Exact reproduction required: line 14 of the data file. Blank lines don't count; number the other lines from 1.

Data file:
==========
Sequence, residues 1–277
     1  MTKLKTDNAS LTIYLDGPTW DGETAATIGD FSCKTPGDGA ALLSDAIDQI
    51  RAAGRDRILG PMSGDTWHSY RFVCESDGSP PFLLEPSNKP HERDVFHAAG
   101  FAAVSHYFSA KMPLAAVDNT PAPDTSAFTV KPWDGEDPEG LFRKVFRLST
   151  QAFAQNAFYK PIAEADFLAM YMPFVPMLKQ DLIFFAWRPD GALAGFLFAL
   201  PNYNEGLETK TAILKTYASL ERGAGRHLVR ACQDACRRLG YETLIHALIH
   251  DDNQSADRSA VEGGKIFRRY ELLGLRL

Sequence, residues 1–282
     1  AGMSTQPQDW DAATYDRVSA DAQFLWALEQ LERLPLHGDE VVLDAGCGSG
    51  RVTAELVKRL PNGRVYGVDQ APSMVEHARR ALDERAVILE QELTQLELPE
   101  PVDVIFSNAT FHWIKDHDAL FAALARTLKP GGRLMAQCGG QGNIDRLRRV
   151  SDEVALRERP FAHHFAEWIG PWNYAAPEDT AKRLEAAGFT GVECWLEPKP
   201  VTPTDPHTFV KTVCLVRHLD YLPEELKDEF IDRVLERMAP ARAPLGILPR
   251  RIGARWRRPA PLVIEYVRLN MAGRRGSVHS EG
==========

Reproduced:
   251  RIGARWRRPA PLVIEYVRLN MAGRRGSVHS EG